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Bonds Bill Would Help Texas Universities' Construction Costs

Photo by KUT News.
A new report out of UT Austin says the university reaps twice as much as it pays for faculty.

The last time the Texas Legislature approved construction expenses for public universities and community colleges was in 2006. This session, lawmakers are considering a tuition revenue bond bill that would approve billions for new buildings. 

University administrators told lawmakers they need millions of dollars for construction projects on their space-strapped campuses. They cited skyrocketing student enrollment numbers, aging buildings and new research projects as reasons to lay the bricks and mortar.

Members of the Senate Finance Committee listened to those arguments on Wednesday.

Giuseppe Colasurdo, president of the University of Texas Health Science Center at Houston, said some of the buildings are 40 years old. They’re requesting more than $110 million.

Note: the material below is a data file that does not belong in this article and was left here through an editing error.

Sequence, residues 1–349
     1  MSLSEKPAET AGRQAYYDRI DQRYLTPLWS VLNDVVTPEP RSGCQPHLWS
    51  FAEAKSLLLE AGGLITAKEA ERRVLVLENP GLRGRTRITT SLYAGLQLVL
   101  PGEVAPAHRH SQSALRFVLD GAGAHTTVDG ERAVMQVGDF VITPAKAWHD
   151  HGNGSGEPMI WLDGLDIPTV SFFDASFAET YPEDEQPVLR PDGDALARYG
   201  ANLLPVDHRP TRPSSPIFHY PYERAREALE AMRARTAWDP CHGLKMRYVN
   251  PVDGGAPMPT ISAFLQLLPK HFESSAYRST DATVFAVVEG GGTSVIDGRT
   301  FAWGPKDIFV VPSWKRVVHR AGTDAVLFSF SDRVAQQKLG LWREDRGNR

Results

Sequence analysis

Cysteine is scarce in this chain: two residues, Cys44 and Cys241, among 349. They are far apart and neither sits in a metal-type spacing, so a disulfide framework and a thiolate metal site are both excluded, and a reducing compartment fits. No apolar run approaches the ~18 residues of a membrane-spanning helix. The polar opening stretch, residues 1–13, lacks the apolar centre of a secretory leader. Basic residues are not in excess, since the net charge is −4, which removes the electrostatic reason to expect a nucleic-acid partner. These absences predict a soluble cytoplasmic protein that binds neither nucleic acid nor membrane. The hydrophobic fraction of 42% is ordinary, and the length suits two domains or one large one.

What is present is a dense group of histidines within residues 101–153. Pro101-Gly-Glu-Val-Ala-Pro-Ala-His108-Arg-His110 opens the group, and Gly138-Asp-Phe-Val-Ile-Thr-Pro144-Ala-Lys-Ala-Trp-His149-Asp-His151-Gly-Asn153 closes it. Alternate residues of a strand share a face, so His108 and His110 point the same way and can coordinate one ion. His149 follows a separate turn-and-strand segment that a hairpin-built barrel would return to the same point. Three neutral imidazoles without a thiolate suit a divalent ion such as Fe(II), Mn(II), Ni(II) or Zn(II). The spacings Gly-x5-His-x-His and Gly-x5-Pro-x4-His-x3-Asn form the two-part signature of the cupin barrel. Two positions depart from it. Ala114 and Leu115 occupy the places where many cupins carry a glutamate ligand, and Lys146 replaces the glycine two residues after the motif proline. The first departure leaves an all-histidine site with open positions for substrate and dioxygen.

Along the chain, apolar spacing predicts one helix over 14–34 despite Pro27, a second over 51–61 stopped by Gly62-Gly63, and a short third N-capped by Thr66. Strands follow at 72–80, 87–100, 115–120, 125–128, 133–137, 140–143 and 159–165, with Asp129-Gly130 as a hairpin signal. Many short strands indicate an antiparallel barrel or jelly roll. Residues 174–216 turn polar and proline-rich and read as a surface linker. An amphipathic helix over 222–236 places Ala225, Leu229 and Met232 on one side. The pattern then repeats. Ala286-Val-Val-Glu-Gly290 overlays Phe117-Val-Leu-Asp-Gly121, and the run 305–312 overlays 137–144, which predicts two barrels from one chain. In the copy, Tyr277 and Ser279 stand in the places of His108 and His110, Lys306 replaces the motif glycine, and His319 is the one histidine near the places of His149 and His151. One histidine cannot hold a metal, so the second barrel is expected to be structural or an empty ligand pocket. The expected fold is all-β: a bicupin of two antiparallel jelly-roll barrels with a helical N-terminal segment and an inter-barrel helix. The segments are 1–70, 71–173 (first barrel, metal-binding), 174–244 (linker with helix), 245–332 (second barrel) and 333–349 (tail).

"The life cycle of very expensive items like HVACs, elevators and others are at the end and with this large school enrollment, it is a critical need and priority for our institution," Colasurdo said.

The committee’s lawmakers weighed the bill, SB 16, by State Senator Judith Zaffirini. The Laredo Democrat’s measure would allow more than $2 billion in bonds for schools to issue to the public so they can get funding for infrastructure projects. The institutions could use tuition money to back up the bonds and the state would pay the principle and interest payments for them.

Last legislative session lawmakers did not approve financing of campus construction plans. This session, the Senate approved “debt service” funding for higher education in its budget.

Dominic Chavez with the Texas Higher Education Coordinating Board said the universities have dire needs.

"We’ve got a little more than half a million students on our campuses since 2000," Chavez said. Because we’re adding all these new students, there’s a critical need for more infrastructure to accommodate new students, to accommodate all the research activity that’s happening on our campuses."

The committee approved the bill. It now goes to the Senate floor for consideration.